Richard Jameson of Brownsville, Tenn., has overcome a diagnosis of clinical depression, and with support of his family and the medical community, he is now able to manage the stresses that come with farming. He has also become a topnotch soil conservationist, a successful row crop producer and a community leader.
As a result of his success as a diversified crop farmer, Jameson has been selected as the Tennessee state winner of the 2013 Swisher Sweets/Sunbelt Expo Southeastern Farmer of the Year award. Jameson now joins nine other state winners from the Southeast as finalists for the award. The overall winner will be announced on Tuesday, Oct. 15 at the Sunbelt Ag Expo farm show in Moultrie, Ga.
A farmer for 37 years, Jameson operates 2,350 acres, including 550 acres of rented land and 1,800 acres of owned land, with crops of cotton, corn, wheat and soybeans.
He produces impressive yields. Last year’s per acre yields included irrigated cotton on 290 acres, 1,250 pounds; dryland cotton on 65 acres, 875 pounds; irrigated corn on 400 acres, 190 bushels; dryland corn on 450 acres, 125 bushels; wheat on 550 acres, 70 bushels; doublecropped irrigated soybeans on 200 acres, 48 bushels; doublecropped dryland soybeans on 350 acres, 35 bushels; irrigated full season soybeans on 310 acres, 65 bushels; and dryland full season soybeans on 285 acres, 42 bushels.
He markets cotton through the Staplcotn cooperative. For grain and soybeans, he uses a combination of forward price contracts, seed production contracts and cash sales. He sells much of his corn to an ethanol plant. He also uses his grain storage facilities to hold crops before selling for higher seasonal prices.
His depression resulted in large part from personal and business losses, including the deaths of both of his parents within a nine-month period, severe droughts and aflatoxin in his corn.
“My father was my partner and mentor,” he recalls. “After he died, I felt anxious and hopeless. My wife Jane encouraged me to seek medical help, and my doctor diagnosed my depression. My doctor, along with my Christian faith, prayer, a circle of friends and Jane, helped get me started on the road to recovery.”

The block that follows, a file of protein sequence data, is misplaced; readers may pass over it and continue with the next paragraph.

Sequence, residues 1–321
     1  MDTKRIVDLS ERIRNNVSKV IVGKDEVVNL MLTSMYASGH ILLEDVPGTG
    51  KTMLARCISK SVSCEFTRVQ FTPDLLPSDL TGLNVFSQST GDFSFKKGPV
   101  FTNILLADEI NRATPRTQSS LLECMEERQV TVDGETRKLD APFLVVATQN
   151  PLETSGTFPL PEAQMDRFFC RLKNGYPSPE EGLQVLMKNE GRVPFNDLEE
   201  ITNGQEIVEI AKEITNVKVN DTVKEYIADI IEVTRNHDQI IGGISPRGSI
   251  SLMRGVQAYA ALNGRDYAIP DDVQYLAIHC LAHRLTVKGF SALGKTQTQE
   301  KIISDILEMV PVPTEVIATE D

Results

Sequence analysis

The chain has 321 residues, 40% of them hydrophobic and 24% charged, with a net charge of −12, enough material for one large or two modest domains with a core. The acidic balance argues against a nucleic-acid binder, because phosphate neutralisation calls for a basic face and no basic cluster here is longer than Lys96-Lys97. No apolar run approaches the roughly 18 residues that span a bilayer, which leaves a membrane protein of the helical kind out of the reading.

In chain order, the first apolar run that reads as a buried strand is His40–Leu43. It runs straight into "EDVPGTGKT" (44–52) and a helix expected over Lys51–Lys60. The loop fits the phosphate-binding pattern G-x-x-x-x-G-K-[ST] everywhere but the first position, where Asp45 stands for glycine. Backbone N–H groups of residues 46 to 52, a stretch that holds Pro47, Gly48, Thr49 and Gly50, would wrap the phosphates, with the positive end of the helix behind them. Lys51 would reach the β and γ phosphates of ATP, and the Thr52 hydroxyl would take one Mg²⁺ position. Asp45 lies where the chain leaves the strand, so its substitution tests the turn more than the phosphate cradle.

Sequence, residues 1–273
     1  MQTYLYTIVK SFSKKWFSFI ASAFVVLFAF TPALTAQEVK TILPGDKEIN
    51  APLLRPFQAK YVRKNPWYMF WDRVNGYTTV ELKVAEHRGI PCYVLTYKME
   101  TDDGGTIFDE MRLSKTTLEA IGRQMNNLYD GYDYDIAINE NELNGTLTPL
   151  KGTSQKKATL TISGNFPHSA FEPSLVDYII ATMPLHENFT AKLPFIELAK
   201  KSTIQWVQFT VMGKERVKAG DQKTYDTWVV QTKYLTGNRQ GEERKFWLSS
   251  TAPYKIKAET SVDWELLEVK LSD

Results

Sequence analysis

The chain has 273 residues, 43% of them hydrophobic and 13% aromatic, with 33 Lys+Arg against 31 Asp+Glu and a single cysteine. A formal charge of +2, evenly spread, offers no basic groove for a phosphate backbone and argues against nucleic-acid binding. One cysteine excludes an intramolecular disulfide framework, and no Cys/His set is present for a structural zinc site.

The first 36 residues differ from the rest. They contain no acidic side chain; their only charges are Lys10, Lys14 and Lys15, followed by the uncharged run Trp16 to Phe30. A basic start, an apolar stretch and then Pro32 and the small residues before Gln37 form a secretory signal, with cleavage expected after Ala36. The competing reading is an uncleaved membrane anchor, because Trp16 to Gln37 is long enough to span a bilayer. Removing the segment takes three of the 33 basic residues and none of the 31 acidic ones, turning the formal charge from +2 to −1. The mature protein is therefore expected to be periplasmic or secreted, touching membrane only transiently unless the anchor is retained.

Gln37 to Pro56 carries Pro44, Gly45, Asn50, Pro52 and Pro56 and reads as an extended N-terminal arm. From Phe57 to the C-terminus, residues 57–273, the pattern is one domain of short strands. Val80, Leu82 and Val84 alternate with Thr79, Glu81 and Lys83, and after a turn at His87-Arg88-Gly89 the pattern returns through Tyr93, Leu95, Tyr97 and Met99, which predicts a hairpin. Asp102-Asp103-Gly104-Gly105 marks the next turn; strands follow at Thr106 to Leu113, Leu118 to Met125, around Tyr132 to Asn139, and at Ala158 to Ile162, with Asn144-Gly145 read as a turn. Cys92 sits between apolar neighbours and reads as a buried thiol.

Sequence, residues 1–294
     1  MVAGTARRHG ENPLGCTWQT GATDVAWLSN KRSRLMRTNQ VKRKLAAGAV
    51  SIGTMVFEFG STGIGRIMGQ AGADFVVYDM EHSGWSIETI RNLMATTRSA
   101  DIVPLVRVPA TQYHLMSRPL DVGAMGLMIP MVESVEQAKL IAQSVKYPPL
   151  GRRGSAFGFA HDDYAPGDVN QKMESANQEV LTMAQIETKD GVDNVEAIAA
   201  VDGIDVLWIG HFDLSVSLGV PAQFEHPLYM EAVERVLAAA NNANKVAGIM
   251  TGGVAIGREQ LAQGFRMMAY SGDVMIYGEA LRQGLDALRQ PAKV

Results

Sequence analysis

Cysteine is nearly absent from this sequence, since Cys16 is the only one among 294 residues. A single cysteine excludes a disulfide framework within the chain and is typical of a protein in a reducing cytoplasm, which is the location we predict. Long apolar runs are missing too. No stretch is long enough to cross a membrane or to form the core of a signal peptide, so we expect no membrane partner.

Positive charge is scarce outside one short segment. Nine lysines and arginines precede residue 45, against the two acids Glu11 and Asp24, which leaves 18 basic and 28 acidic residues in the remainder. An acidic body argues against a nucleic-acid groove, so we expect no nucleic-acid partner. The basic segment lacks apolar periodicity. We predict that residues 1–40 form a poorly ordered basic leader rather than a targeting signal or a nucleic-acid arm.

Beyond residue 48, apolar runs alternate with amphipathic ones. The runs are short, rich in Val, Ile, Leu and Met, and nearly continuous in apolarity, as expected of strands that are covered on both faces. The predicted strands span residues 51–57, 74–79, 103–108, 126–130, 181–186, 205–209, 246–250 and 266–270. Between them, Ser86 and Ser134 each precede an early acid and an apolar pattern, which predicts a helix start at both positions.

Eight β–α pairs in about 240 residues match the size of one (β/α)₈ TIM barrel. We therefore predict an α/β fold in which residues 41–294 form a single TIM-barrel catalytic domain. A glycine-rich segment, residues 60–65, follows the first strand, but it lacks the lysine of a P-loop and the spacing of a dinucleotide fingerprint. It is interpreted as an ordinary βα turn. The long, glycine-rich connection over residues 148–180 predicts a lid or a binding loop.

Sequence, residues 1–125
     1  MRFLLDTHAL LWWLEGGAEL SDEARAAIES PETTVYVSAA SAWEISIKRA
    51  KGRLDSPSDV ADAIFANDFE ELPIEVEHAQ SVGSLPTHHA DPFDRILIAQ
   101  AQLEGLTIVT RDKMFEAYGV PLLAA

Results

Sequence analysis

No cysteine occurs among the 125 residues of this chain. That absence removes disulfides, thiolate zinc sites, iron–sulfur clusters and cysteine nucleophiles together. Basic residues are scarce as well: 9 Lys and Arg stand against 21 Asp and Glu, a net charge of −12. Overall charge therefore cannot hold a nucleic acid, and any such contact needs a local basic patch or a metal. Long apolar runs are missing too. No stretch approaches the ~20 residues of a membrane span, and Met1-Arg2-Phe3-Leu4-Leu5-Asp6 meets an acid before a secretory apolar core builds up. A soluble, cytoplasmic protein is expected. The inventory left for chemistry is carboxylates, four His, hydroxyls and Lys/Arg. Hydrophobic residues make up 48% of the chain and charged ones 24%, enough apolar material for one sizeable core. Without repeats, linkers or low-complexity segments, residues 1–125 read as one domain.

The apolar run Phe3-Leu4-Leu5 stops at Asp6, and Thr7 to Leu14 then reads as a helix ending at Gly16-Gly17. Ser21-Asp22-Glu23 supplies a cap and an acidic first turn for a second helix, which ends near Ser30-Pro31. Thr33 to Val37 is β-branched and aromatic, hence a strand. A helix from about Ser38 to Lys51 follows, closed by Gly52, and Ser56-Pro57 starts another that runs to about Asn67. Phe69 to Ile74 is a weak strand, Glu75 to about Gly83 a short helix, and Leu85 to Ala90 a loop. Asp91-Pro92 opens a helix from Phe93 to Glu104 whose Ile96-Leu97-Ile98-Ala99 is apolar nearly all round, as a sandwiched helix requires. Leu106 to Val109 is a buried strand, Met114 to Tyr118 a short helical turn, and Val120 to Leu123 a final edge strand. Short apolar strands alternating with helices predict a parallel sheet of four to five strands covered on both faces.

Jameson says his own behavior contributed to his condition. “I needed to separate emotion from business decisions,” he explains. “I couldn’t control everything that was uncontrollable in farming, but I could better manage these events. To that end, I added irrigation and changed my marketing approach.”
He uses CAMS (Cargill AgHorizons Marketing Service) for marketing advice. This service provides peace of mind for the stressful chore of selling crops. “Farming is rewarding but stressful, and managing that stress is critical to the viability of my farm,” he adds.
“I now have fewer employees than I ever had,” says Jameson. “These employees are better trained and better paid and have helped improve the efficiency of the operation.”
He further reduced stress and risk by adopting precision farming. He says, “I hired competent young employees and service providers to help me learn how to use this technology. With this technology, young people who grew up with screens in front of them have a bright future working on farms.”
He has been cautious in expanding his farming operation and reluctant to pay too much for buying or renting land. Instead, he focused on improving land currently farmed.
One of his goals was to reduce soil erosion. Jameson has used continuous no-till planting since 1985. Much of his land is highly erodible and, if unprotected, would lose 20 or more tons of soil per acre per year.
His conservation practices include more than 44 miles of terraces and more than 64 acres of grassed waterways. Some of the first contour terraces in West Tennessee were constructed on his farm. He also planted 82 acres of native warm season grasses to benefit wildlife.
Jameson added irrigation on 1,200 acres during the past ten years. Soil moisture sensors help in scheduling irrigation. He is also exploring the use of natural gas to run his five center pivot systems.
“I’m a second generation farmer,” says Jameson. “My wife and I are farming land our ancestors homesteaded in the early 1800’s.” He started farming with his father after graduating from the University of Tennessee in 1976. His family raised beef until 1999 when he sold the cattle to concentrate on crops. Jameson also farmed with his brother until 2007 when he bought out his brother’s interests.
Jameson has been active in local organizations. He serves as an elected commissioner for Haywood County and on the board of Haywood County’s Soil Conservation District.